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Two Millennia of Christianity in Jerusalem
The Ecumenical Movement: Opportunity in Crisis?

January   |   2000   |   Subject  Middle East & North Africa (MENA)

To talk about the ecumenical movement and its constituencies, let me go back as far as 1902 when HH Yoachim II, Ecumenical Patriarch of Constantinople, issued an encyclical in which he raised the matter of intra-Christian relations. In 1920, he followed it up with another encyclical entitled ‘Unto the Churches of Christ Everywhere’ in which he encouraged the spirit of reconciliation and drew upon the First Letter of St Peter to love on another earnestly from the heart (1 P 1:22b).

Indeed, this conference entitled ‘Two Millennia of Christianity in Jerusalem’ is not only an appropriate topic in its own right for this third international conference on Christian heritage. It also helps awaken our collective realisation that this land is indeed both (i) Christian since the Church of the First Pentecost, and (ii) a land of two peoples and three religions - Palestinians and Israelis, Jews, Christians and Muslims alike. This realisation is paramount during this critical political juncture when vital political issues are being negotiated within the framework of the final status negotiations.

To look across two millennia of Christianity in Jerusalem, a number of people tend to talk or write about a waning faith and ever-dwindling numbers. One recent article even drew analogies between this land and Samuel Huntingdon’s ‘Clash of Civilisations’! I do not think the analogy is valid, any more than it is valid to compare Jan Kerkhof’s ‘Europe without Priests’ with the situation here.

There is also much speculation about an identity crisis besetting Palestinian Christians. But what is an identity crisis? If an indigenous man or woman says that s/he is an Arab / Palestinian / Christian / Jerusalemite, there is no identity crisis in my view! But if we look at our status here and today as a function of the direction our lives is taking, and where do we fit within the political demography of a multi-faith and pluralist society, I believe that the identity crisis is quite real and fairly acute.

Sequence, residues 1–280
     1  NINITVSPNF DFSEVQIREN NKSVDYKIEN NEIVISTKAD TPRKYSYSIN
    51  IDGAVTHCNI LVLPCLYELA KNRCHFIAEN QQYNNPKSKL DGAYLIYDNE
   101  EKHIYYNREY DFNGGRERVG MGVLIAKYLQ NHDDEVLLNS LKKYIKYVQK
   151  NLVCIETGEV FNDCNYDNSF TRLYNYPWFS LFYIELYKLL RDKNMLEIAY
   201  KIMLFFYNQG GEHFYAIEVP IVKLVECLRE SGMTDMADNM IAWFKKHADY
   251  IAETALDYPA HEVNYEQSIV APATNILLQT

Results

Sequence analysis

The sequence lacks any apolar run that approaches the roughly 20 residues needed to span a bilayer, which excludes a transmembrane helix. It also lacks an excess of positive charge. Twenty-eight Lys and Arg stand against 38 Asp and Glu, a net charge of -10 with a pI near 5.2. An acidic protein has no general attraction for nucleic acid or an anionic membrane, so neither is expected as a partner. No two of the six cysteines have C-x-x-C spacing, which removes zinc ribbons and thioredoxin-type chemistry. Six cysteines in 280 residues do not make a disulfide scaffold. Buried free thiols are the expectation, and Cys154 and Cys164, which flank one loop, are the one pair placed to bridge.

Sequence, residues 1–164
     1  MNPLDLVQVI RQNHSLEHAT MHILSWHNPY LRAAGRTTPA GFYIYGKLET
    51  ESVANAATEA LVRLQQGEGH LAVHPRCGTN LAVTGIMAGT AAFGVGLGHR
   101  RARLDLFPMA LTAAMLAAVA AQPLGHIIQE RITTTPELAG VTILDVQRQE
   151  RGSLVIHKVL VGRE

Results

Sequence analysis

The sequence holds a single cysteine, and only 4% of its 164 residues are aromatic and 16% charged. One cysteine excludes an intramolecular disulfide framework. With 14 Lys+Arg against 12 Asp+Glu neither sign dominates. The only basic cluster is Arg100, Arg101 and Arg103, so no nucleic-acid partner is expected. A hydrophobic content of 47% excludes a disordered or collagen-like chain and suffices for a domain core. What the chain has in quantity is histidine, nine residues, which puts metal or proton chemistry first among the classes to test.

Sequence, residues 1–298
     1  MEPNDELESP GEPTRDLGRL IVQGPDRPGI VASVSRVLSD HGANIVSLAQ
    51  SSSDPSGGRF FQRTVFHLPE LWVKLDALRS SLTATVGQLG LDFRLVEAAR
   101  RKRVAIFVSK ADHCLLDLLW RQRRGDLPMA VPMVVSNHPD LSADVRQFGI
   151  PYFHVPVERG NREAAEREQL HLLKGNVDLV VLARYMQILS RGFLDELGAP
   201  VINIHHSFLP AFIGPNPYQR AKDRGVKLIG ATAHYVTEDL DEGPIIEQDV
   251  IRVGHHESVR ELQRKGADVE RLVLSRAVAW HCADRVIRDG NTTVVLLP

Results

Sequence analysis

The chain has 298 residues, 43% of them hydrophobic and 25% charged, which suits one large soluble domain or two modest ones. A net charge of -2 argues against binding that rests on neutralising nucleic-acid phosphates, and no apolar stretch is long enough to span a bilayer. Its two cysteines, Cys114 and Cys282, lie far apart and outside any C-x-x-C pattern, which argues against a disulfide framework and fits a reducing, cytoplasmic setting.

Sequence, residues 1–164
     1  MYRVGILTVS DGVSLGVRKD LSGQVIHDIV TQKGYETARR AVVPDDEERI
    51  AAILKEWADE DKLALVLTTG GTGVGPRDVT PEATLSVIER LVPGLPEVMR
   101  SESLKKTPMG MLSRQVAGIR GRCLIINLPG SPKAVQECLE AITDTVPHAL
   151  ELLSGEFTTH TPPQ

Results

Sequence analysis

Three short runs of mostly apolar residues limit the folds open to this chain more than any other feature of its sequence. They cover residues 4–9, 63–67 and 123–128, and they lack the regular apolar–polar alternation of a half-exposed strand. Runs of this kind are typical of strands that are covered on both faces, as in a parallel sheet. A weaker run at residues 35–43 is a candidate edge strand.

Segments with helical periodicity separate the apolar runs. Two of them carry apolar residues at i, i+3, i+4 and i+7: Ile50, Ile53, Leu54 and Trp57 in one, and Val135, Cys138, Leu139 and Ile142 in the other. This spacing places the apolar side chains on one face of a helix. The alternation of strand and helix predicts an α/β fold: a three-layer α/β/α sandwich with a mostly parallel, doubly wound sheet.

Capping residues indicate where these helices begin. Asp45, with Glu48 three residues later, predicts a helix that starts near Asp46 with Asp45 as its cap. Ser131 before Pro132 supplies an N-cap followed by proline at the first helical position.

But let us draw courage and wisdom from the writings of the French contemporary [and ostensibly irreligious] philosopher Bernard-Henri Levy. In his series ‘Periscopes Religieuses’, he postulates that any system of changing values produces inevitably a layer of profound doubt and that fear of the self replicates often onto a fear of the other.

So let me start with basics. We are talking here about the Christian faith, but what is this faith in its essence? What is its definition? In my opinion, it is not enough to discuss the word of God and comment on it. We must carry it also, and bear witness to it in the way we live. There is no original recipe or magical formula here! We Christians must learn afresh to simply become credible interpreters and witnesses of God’s love to humankind. I believe therein lies the secret of a Mother Teresa, a Fr Maximilien Kolbe or an Archbishop Desmond Tutu who changed the world around them. In the words of Cardinal Franz K?nig, Emeritus Archbishop of Vienna, we need to transubstantiate faith [through love], not institutionalise it;

And again, in the words of St John Chrysostom, Patriarch of Constantinople and a contemporary of St Augustine in the 5C, Christians are called to ‘shine like a light in a world of darkness’

Can we perhaps think together of three buzzwords and use them as constant mnemonics or reminders in our lives? The first is Metanoya or a sense of renewal and change. The second is Koinonia which is an assembly of believers. And the third is Kairos which represents an opportunity in a moment of crisis. Can they help bridge the gap that straddles the practical with the possible in our ecumenical lives? Will the Christian communities here - leadership and grassroots alike - appropriate this movement and make it their own? Is the oikumene - the inhabited earth - a reality? Or are we knocking at the wrong doors?

You can provide the answers, since you alone can make the difference. The Christian faith and the ecumenical movement are living elements of our daily lives in the Holy Land. Let us not shy away from the challenges ahead, and let us not give in to the prophets of doom and gloom whose own interests often stray away from the path of righteousness.

© Dr Harry Hagopian   |   2000   |   January


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